Conventional medicine has long ignored the benefits of stem cell therapy, but the treatment is making a comeback. The idea behind stem cell therapy is to boost muscle regeneration and rebuild tissue using these cells that can turn into any type of organ or tissue in your body.
While this treatment modality is not yet FDA approved, there are many doctors and clinics which have been pioneering the future of stem cell treatment.
How does Stem Cell Therapy work?
Stem cells are harvested from either bone marrow or fat (adipose) through a process called liposuction. They then undergo an extraction process where they are cleaned and concentrated before being reintroduced to your body via injection. The stem cells are also often mixed with platelet-rich plasma before being injected into the recipient’s injured area, this helps to provide additional healing stimulation. This is a great way for athletes who have suffered from acute trauma such as an injury or surgery to recover more quickly and return to their sport. This simple procedure could one day be one of the best ways for athletes, seniors, and those looking for relief from chronic pain to get back their mobility.
As a recent study by the Salk Institute shows, scientists activated the precursors of muscle cells in mice to increase stem cell regeneration, leading to increased recovery from injury.
Aging has many effects, and the loss of muscle mass is one that contributes to disability. Regenerating this tissue at an accelerated rate with a combination of molecular compounds common in stem cell research is one way scientists are studying to counter age-related muscles loss.
In a study published in Nature Communications on May 25, 2021, investigators found these compounds increased the regeneration of muscle cells in mice by activating precursors to muscle cells. This might help athletes and seniors heal from injury more rapidly. Although this approach cannot be applied in humans at the moment, it has provided insights into muscle regeneration and growth.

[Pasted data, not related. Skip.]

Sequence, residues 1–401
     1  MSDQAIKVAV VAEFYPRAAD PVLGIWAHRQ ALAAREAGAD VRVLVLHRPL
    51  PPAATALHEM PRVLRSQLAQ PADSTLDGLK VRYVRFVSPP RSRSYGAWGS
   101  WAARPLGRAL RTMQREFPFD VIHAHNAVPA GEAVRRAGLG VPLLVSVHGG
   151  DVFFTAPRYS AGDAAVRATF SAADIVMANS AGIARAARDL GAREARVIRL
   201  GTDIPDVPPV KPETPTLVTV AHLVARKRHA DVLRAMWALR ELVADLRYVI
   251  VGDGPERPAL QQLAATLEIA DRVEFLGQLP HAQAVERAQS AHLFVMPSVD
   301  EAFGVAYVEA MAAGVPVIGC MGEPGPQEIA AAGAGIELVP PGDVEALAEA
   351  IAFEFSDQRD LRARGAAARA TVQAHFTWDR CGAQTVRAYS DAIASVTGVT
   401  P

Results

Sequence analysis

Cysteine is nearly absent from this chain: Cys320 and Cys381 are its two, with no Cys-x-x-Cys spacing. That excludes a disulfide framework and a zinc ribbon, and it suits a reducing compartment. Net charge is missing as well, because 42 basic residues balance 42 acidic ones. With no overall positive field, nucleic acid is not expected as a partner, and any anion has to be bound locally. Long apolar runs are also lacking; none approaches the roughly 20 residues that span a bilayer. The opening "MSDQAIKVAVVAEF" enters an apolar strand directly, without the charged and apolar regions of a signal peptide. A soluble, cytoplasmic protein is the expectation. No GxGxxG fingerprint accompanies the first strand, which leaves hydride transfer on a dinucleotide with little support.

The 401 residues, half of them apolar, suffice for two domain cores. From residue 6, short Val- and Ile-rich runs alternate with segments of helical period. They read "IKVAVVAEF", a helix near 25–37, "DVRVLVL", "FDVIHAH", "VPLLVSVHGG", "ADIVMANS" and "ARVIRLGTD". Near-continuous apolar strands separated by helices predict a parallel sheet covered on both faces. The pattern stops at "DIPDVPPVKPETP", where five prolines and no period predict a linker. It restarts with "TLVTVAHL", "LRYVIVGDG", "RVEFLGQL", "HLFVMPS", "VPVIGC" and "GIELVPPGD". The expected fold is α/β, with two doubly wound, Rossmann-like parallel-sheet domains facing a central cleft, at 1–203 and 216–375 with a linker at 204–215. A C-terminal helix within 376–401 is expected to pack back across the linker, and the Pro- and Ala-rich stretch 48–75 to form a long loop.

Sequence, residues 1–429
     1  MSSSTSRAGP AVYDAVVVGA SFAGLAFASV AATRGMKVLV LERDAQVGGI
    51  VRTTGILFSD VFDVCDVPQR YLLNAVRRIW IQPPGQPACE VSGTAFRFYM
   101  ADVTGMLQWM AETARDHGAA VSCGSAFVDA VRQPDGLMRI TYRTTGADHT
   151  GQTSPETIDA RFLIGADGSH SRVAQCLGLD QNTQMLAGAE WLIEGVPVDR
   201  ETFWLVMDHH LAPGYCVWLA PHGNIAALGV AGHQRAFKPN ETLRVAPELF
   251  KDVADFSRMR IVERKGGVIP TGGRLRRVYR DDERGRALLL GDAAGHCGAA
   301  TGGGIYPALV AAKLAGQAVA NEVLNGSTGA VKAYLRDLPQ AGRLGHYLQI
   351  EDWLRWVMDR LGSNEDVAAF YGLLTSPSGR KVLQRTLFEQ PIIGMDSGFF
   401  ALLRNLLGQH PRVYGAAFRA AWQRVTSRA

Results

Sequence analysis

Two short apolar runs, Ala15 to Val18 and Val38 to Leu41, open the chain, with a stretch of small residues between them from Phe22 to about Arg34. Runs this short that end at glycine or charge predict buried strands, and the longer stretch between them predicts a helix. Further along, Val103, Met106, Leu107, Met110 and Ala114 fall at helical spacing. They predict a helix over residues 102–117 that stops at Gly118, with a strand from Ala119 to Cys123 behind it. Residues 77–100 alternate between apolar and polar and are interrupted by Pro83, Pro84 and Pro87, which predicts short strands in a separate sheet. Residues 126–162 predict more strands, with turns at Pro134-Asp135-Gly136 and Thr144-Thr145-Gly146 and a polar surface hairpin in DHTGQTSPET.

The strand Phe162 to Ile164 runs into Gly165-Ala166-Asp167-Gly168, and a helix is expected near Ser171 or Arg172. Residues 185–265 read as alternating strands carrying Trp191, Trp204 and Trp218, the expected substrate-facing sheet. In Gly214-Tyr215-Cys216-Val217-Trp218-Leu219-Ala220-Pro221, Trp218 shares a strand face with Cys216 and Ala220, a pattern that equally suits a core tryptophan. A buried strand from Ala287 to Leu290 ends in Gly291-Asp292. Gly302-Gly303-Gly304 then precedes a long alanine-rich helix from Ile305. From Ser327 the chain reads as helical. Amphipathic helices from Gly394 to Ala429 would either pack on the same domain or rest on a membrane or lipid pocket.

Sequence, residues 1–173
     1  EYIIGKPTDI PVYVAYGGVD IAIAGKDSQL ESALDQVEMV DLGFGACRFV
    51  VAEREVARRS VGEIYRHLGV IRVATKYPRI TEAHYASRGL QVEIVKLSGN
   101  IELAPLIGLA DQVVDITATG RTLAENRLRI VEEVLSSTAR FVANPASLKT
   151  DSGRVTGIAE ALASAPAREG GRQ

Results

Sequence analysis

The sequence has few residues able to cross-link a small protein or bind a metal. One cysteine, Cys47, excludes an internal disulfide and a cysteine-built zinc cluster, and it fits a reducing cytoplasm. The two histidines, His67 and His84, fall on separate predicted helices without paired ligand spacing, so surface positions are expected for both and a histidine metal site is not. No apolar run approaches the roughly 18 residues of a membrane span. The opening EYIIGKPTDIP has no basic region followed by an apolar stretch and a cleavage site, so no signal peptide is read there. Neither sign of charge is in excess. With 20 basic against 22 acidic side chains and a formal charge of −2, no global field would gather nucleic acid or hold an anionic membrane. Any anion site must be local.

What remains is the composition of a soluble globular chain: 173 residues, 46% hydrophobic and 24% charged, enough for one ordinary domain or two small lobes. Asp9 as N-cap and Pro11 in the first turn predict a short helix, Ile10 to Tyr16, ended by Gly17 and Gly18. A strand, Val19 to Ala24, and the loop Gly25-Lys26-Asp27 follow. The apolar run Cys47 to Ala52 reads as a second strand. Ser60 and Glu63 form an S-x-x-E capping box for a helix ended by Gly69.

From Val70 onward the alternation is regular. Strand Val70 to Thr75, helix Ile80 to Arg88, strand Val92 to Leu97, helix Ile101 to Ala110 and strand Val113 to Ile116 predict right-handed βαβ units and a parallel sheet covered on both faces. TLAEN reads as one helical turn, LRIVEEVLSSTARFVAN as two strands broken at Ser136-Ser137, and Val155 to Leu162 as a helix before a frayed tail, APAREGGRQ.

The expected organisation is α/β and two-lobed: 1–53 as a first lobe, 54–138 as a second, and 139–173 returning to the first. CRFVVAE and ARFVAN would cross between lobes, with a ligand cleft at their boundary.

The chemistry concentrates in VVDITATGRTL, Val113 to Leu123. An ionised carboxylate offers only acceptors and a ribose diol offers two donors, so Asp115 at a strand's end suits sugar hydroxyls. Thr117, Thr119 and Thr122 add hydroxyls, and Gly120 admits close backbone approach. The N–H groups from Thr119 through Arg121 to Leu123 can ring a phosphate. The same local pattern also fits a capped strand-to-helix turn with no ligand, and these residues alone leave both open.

“Loss of these progenitors has been connected to age-related muscle degeneration,” Salk Professor Juan Carlos Izpisua Belmonte, the study’s senior author says. “Our study uncovers specific factors that are able to accelerate muscle regeneration, as well as revealing the mechanism by which this occurred.”
The compounds used in the study are called Yamanaka factors, after the scientist who discovered them. Experimental stem cell therapy with the Yamanaka factors can hold a key to rebuilding tissue and regenerating lost muscle. In laboratory experiments, stem cells have been used to convert specialized cells into more stem-cell-like cells which are pluripotent (the ability to become many different types of cells).
The first author, Chao Wang, a postdoctoral fellow in the Izpisua Belmonte lab states: “Our laboratory previously showed that these factors can rejuvenate cells and promote tissue regeneration in live animals, but how this happens was not previously known.”
Muscle repair is mediated by muscle stem cells, also called satellite cells. Satellite cells are located in a niche between a layer of connective tissue (basal lamina) and muscle fibers (myofibers). In a study testing two different mouse models, the researchers found that Yamanaka factors create muscle stem-cell-specific or niche-specific changes in muscles. Younger mice provide a unique research scenario because of their lack of “age differences.”
Mice were then studied for how well muscle regeneration occurred over time. The scientists found that the Yamanaka factors work to speed up recovery by reducing the levels of a protein called Wnt4 in the niche, which activates satellite cells and leads to muscle regeneration. The satellite-cell specific model experiment did not show an increased muscle regeneration after Yamanaka factor injection.
We could potentially fix tissue damage by targeting Wnt4 using stem cell therapy, according to Izpisua Belmonte who holds the Roger Guillemin Chair.
“Our laboratory has recently developed novel gene-editing technologies that could be used to accelerate muscle recovery after injury and improve muscle function,” he says. “We could potentially use this technology to either directly reduce Wnt4 levels in skeletal muscle or to block the communication between Wnt4 and muscle stem cells.”
The scientists are also studying how to rejuvenate cells, including through stem cell therapy, mRNA, and genetically engineered therapies. These techniques could eventually lead to new ways of rebuilding tissue and organs.
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